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Utah’s breach notification requirements will change on May 3, 2023. The recently amended data breach notification law now requires companies to notify the Attorney General for a breach involving 500 or more state residents. If the breach involves 1,000 or more residents, then notification to each consumer reporting agency is also required.

The obligation to notify a state authority exists in more than half of US jurisdictions, with Utah joining California, Colorado, Delaware, Florida, Illinois, Iowa, Rhode Island and Washington with a 500-individual threshold. The AGs in many of those jurisdictions ask that companies follow specific processes for making such notifications. Utah does not currently list on its website any such process requirements.

At the same time as amending its breach notice law, Utah has also codified a Utah Cyber Center. This entity appears to be the successor to one that had its soft launch in 2018. The Center, along with the Attorney General, will need to be notified in the event that a breach involves more than 500 residents. The law does not provide a point of contact for the Center, however as of this writing it indicated it would like notices to be sent by email (, although that process may change in the future.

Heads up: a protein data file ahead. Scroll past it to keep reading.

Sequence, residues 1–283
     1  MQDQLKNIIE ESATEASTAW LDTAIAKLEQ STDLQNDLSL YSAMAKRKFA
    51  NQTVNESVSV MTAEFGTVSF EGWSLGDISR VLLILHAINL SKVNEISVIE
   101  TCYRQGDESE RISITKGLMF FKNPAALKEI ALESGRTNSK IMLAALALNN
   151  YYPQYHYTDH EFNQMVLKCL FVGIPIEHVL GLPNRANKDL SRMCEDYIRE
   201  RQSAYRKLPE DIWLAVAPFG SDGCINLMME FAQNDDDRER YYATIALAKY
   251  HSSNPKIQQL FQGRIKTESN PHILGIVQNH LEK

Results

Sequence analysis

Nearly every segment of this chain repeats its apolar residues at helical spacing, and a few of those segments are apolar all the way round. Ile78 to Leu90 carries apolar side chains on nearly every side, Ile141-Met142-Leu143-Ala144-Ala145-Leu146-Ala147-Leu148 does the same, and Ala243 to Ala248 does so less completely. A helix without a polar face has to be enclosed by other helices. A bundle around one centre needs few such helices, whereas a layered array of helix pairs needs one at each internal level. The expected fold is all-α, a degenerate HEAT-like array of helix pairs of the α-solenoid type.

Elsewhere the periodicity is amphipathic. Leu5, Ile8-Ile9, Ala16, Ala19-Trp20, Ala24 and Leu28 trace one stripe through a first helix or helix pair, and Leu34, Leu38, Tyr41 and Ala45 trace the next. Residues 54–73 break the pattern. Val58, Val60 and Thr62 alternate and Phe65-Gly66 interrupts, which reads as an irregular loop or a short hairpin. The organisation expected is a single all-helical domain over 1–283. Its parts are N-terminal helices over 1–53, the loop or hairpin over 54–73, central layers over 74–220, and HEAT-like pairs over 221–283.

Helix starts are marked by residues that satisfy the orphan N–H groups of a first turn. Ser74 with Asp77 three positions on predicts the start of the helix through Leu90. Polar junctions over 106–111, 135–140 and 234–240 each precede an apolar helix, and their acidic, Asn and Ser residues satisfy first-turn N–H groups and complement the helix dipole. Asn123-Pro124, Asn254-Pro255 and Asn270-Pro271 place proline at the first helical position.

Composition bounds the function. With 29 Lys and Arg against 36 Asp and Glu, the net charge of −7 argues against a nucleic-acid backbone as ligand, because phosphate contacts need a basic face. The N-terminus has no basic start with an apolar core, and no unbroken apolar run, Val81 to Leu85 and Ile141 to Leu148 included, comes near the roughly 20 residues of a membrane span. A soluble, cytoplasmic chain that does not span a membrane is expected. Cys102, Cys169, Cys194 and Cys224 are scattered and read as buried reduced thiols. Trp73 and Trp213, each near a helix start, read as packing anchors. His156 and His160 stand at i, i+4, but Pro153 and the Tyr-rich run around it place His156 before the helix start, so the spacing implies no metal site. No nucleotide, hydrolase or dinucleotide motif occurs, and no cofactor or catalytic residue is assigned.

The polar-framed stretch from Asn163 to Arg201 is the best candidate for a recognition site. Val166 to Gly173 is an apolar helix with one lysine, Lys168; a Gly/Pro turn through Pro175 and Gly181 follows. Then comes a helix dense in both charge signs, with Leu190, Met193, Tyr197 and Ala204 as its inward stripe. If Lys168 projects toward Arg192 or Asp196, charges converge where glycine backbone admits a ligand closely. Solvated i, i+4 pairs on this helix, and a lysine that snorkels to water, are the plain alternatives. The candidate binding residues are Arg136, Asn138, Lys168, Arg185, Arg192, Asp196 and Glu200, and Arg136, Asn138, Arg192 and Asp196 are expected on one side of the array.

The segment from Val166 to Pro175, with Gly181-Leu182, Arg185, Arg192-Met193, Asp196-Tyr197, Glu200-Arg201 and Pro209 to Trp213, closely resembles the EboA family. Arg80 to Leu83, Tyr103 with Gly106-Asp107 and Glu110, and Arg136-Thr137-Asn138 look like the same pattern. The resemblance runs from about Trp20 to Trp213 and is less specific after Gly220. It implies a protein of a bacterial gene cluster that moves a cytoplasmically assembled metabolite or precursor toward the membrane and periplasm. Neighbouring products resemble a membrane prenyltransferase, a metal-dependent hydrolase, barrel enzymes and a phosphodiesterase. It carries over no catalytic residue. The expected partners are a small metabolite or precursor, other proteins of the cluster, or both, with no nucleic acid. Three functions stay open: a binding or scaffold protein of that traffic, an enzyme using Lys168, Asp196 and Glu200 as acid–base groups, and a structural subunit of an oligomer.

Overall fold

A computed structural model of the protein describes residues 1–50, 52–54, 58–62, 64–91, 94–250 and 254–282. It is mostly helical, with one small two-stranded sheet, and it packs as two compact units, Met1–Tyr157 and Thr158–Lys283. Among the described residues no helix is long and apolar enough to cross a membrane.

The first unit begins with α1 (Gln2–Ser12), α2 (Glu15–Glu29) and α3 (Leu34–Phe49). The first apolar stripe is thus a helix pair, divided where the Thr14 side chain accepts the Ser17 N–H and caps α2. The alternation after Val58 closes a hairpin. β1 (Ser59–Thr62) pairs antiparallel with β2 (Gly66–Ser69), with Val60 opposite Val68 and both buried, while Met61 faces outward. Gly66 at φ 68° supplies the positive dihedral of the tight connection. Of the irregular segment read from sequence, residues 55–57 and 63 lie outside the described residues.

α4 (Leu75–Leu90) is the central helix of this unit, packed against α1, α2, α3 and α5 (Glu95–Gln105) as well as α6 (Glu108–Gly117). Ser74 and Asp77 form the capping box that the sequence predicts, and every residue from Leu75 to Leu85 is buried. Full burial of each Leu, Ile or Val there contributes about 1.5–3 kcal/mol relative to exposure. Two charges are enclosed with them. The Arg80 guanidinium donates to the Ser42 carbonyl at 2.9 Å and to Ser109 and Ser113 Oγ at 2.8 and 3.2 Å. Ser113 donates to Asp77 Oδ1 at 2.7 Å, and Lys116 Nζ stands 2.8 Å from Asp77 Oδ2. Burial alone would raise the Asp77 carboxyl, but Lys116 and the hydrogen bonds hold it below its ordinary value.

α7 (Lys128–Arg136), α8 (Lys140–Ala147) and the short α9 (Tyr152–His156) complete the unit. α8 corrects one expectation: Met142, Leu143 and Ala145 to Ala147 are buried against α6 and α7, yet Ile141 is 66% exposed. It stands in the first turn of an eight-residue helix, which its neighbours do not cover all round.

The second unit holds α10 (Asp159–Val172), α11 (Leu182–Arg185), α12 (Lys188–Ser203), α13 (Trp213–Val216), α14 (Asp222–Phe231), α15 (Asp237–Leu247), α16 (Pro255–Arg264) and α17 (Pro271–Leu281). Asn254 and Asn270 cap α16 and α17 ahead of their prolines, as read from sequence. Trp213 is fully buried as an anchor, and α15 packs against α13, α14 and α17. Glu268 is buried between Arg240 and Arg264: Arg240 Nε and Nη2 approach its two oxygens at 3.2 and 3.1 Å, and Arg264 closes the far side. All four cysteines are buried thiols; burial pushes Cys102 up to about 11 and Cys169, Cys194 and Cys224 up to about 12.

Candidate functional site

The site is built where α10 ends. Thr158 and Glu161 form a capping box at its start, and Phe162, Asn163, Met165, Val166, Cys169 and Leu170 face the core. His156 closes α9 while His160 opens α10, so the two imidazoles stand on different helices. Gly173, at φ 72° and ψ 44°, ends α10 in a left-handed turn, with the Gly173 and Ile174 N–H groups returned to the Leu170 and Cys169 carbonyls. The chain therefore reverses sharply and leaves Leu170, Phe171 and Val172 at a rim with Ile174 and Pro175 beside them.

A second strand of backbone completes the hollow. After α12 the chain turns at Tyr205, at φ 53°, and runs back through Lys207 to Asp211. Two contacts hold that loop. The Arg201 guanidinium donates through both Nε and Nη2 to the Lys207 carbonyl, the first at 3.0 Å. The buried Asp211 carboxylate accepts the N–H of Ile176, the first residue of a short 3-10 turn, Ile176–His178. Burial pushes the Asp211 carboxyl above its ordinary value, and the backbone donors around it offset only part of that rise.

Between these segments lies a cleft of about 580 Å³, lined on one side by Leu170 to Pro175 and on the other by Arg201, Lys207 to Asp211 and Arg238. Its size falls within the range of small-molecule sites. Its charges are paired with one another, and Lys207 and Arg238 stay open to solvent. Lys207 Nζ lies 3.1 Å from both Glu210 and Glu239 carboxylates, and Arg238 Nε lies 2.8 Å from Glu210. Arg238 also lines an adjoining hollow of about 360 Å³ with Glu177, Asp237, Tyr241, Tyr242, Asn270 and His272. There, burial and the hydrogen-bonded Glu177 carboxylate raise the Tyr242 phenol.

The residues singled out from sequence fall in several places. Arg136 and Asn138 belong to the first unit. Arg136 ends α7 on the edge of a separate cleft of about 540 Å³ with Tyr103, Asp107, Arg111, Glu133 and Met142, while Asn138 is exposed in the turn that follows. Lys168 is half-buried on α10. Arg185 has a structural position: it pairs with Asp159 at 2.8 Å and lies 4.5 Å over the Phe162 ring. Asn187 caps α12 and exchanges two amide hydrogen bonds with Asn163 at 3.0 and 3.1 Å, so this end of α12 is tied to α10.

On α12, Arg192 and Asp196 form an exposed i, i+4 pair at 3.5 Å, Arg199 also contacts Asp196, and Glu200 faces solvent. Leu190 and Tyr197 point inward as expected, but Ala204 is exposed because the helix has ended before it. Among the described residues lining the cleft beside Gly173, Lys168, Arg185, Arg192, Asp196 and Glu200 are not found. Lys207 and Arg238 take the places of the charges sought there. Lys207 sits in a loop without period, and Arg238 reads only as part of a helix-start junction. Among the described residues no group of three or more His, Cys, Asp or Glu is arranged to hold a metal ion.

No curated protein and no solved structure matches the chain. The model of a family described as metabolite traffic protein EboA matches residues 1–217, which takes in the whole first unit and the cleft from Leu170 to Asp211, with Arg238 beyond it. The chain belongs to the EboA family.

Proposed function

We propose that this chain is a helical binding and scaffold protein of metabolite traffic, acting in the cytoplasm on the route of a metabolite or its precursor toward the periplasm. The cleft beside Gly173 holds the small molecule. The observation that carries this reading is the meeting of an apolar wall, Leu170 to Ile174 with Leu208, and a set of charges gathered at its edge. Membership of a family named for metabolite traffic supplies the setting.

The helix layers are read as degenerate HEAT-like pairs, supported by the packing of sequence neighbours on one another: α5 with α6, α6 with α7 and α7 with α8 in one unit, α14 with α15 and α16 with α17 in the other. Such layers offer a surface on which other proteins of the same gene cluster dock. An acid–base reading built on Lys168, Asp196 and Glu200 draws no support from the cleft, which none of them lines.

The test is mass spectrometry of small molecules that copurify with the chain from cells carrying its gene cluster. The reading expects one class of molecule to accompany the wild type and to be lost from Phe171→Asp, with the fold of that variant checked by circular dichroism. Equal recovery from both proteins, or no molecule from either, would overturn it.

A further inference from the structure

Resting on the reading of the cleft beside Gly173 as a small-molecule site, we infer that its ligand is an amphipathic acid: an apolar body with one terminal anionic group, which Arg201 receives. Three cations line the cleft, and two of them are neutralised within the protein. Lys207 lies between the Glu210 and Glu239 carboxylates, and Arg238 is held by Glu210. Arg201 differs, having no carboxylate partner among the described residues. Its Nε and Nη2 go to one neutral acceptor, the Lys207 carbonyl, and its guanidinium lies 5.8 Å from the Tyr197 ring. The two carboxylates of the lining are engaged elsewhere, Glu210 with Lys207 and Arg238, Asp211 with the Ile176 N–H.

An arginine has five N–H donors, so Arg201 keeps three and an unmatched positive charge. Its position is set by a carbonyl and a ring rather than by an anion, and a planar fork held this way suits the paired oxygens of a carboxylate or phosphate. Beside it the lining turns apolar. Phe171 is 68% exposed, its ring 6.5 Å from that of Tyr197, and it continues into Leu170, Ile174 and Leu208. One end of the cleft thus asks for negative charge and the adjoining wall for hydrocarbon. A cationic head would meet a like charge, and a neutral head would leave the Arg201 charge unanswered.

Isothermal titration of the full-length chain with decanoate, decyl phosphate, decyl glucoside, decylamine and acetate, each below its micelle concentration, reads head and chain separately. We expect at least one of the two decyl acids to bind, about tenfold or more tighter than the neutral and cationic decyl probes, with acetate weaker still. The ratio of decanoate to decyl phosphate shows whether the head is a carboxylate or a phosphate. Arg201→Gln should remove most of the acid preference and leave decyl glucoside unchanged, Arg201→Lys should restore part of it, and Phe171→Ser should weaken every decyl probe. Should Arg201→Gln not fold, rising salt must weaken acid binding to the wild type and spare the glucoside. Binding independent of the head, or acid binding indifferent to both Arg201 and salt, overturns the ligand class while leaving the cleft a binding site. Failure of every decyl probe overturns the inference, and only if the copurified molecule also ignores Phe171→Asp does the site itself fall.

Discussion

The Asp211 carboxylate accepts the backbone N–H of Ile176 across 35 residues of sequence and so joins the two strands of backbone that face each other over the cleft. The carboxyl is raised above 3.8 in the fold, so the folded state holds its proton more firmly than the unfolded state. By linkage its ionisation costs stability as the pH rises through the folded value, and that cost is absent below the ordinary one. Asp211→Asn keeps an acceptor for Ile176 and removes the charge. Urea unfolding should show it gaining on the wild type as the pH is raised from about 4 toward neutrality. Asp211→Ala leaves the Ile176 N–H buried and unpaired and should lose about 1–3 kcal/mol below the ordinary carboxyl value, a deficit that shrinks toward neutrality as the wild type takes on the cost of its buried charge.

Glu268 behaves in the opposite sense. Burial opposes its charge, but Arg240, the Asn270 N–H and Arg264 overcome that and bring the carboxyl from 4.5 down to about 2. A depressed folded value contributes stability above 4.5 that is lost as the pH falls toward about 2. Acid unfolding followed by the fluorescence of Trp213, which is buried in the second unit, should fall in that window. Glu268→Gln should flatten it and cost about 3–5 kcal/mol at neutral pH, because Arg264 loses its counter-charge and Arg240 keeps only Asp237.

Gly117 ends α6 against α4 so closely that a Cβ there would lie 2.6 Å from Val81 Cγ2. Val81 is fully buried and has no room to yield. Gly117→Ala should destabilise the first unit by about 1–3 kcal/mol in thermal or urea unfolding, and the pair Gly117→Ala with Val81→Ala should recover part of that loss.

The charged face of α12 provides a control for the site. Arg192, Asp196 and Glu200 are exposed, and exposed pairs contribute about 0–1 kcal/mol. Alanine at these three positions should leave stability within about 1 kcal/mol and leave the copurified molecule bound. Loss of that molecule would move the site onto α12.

The Center’s responsibilities are broader, however, than merely receiving breach notifications. It is also charged with promoting cybersecurity best practices and “partnering” with “private sector organizations to increase the state’s cyber resilience.” In addition, it is charged with centralizing governmental entities’ cybersecurity efforts. This includes developing -by June 30, 2024- a statewide strategic cybersecurity plan for executive branch and other governmental agencies. It will also share cyber threat intelligence with governmental entities and coordinate cyber responses for governmental agency incidents (on their request). The director of the Center will be Chief Information Security Officer of the existing Utah Division of Technology Services.

Putting it into Practice. Utah has joined a growing list of states that require notification to state authorities if an entity suffers a data breach. If, after May 3, an entity suffers a data breach impacting 500 or more Utah residents, it will need to keep in mind these updated notification obligations. We will be monitoring news from Utah for possible changes to the notice mechanics. We will also be monitoring developments from the Center about cybersecurity best practices and how it intends to partner with the private sector on cyber resilience.